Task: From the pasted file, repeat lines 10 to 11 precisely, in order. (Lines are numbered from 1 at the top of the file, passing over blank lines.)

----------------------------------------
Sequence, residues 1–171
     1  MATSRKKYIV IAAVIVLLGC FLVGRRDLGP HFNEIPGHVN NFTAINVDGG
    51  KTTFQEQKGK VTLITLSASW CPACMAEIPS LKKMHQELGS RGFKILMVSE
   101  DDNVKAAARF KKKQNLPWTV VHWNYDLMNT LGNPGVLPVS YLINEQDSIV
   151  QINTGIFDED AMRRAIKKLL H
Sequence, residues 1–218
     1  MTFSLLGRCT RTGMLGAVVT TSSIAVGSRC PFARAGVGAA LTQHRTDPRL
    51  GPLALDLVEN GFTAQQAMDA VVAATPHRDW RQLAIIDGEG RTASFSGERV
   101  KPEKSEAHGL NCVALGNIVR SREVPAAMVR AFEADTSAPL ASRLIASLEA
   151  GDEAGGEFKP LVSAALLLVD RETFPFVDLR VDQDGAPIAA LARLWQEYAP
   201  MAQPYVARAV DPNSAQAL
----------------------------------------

   151  GDEAGGEFKP LVSAALLLVD RETFPFVDLR VDQDGAPIAA LARLWQEYAP
   201  MAQPYVARAV DPNSAQAL